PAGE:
LeMond Composites announces carbon fiber plant opening in Oak Ridge, brings 242 jobs

The old Theragenics facility in Oak Ridge will soon be getting a facelift thanks to a $125 million investment by LeMond Composites. This announcement is not only opening the door for East Tennesseans by offering 242 high-paying jobs but also for the state’s economy.

lemond-cycles-2017-carbon-fiber-bicycles-comingLeMond Composites is part of LeMond Companies, a group led by three-time Tour de France winner Greg LeMond.

Economic and Community Development Commissioner Randy Boyd alongside company officials announced LeMond Composites will begin making a new industry-disrupting carbon fiber for the transportation, renewable energy and infrastructure markets.

Carbon fiber is a strong, lightweight material used for advanced composites in a variety of applications including making both bikes and vehicles more efficient by making them weigh less.

LeMond Composites “Grail” carbon fiber is low-cost and high-quality and its changing the industry because not only is it more affordable but the way it’s produced uses substantially less energy compared to other carbon fiber manufacturing processes.

With the invention of “Grail” carbon fiber, Corporate Average Fuel Economy (CAFE) standards of 54.5 mpg by 2025 are now achievable.

Photo Credit: Composites Manufacturing Magazine

Photo Credit: Composites Manufacturing Magazine

The former professional road racing cyclist says he was exposed to his first carbon fiber bike 30 years ago. Just as weight in a car requires more energy consumption, riding like LeMond did requires more energy if the bicycle is heavier.

Today, LeMond Composites has executed a license with ORNL for what the company describes as “one of the most significant developments in carbon fiber production in over 50 years.”

A breakthrough process invented by Connie Jackson, Co-CEO of LeMond Composites and a research team at ORNL’s Carbon Fiber Technology Facility (CFTF) will reduce production costs by more than 50% relative to the lowest cost industrial grade carbon fiber. Incredibly this new carbon fiber has the mechanical properties of carbon fiber costing three times as much. Until now, manufacturing carbon fiber was an extremely energy-intensive process. This new method reduces energy consumed during production by up to 60%.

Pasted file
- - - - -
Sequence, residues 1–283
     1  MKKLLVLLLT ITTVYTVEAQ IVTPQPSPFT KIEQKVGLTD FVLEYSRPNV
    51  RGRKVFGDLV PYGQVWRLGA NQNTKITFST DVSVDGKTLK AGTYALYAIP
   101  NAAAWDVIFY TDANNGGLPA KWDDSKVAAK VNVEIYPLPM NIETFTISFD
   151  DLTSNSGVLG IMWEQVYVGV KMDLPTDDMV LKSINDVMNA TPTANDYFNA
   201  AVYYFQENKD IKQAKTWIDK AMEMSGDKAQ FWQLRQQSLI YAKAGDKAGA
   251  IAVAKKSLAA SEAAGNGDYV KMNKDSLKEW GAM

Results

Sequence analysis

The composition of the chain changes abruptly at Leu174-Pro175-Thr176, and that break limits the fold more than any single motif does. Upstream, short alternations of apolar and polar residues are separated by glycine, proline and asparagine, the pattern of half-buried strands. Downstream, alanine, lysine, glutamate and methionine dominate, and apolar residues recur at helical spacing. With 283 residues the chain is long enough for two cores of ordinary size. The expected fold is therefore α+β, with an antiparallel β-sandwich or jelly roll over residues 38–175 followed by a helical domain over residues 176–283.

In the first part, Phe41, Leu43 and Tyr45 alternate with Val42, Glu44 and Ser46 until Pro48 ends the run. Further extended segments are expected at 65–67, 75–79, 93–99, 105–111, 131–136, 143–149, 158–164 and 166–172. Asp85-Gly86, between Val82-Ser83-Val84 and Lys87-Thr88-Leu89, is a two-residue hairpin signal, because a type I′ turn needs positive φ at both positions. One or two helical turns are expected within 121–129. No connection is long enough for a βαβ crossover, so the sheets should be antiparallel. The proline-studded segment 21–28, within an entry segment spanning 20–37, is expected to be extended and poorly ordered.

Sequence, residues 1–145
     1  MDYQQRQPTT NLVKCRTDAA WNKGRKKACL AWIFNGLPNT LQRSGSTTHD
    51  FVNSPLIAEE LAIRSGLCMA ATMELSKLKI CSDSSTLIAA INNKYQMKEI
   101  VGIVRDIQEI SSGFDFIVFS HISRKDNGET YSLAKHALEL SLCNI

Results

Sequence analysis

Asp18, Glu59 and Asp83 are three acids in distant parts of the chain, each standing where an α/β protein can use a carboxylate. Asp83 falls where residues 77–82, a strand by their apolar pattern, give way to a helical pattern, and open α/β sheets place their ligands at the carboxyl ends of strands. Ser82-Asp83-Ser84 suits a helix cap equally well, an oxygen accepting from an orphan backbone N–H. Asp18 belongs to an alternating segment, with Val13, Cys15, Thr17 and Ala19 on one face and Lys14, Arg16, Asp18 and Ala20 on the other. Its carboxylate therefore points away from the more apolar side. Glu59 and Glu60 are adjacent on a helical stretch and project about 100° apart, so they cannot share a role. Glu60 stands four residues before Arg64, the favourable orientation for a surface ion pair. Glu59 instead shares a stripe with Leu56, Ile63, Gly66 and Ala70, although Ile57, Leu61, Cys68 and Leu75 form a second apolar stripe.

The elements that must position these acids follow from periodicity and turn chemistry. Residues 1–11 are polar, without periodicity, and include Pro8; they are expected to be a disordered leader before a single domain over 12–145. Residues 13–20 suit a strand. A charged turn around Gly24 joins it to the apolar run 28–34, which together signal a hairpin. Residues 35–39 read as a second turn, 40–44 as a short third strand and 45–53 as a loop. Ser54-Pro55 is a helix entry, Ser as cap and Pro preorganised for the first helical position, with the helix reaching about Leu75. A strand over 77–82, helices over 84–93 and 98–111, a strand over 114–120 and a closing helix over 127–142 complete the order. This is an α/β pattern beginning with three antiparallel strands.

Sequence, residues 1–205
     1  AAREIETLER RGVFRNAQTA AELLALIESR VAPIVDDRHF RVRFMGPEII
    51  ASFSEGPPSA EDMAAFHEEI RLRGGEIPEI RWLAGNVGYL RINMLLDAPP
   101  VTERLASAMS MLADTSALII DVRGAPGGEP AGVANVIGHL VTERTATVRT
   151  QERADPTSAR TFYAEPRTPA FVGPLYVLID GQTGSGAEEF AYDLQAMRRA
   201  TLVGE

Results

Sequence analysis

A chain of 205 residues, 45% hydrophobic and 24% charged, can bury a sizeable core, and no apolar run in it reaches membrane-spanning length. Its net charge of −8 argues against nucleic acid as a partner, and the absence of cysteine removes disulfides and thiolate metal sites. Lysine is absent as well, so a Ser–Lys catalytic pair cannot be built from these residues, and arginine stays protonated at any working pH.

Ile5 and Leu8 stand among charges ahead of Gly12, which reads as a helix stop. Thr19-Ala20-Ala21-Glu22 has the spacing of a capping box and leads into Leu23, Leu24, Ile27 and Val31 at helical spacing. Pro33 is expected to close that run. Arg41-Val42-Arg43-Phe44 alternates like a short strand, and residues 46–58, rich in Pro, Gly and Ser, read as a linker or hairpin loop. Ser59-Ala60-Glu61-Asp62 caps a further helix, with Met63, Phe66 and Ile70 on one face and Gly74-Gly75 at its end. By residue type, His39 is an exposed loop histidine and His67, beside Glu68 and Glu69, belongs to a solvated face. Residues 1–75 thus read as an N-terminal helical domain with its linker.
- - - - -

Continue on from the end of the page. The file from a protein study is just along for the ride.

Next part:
LeMond plans to break ground on the new facility in January and the first commercially available product will be ready in the first quarter of 2018.

Waste-to-energy plant brings sustainable power to Lebanon

PHG Energy has partnered with the City of Lebanon for a new waste-to-energy gasification plant commissioned Thursday in Lebanon, Tennessee.

The plant utilizes patented downdraft gasification technology that has been thoroughly vetted in commercial and municipal deployments.

System highlights include:

  • generating 1,800,000 kilowatt-hours of electricity
  • converting 36,000 scrap tires to energy
  • eliminating 2,500 tons of carbon emissions
  • keeping 8,000 tons of waste out of landfills

“This facility is going to be a model for waste-to-energy partnerships as well as the first stage in moving our city completely away from dumping waste into landfills,” said Lebanon Mayor Philip Craighead.

screen-shot-2016-10-14-at-2-36-23-pmOn Thursday, Lebanon and PHG Energy gave tours of its new plant to people from around the world. Once the tour buses arrived at the plant, PHG Energy staff members further explained that all the spare tires in Wilson county and scrap wood from any business within a 20 mile radius will be converted into energy through a process called gasification.

The wood and tires will first be shredded down so they can fit inside the plant’s special bins to process it. From there, through a series of chemical processes, 95% of the material that goes into the gasifier comes out as hot water that is used to power the nearby water treatment plant, reducing electricity costs by two-thirds. The other five percent converts to a carbon-rich biochar that the city plans to sell to local farmers to fertilize crops.

screen-shot-2016-10-14-at-2-40-10-pmThis new plant is saving the city money not only from the clean electricity generation. But also because the city landfill is less than a decade away from capacity. The gasification plant will save landfill space keeping millions of pounds of waste out of it.

Rockwood Recycling is supplying the $800,000 chipper for the city to use, so the city won’t have to pay for its own equipment. Each year Rockwood Recycling is responsible for recycling more than 28,000 tons of materials across the state for beneficial reuse and to keep them out of the area landfills. Lebanon’s gasification plant is an expansion of the city’s successful Think Green– Think Clean initiatives.

DOE webinar reveals opportunities, challenges in southeast for advancing clean energy

The U.S. Department of Energy (DOE) hosted a “Regional Energy Technology Innovation” webinar in late September inviting leading research universities to present their findings examining the clean energy technology innovation in their respective regions.

screen-shot-2016-09-29-at-2-43-40-pmThe universities held forums earlier this year and each forum was attended by leaders from federal, state, and local governments; industry, DOE national laboratories; academia; and nongovernmental organizations.

The forums highlighted the differences among regions in terms of their energy needs, resources, and vulnerabilities; customer demands, markets and capabilities. A key conclusion of the regional forums is that clean energy solutions must be tailored to meet regional needs.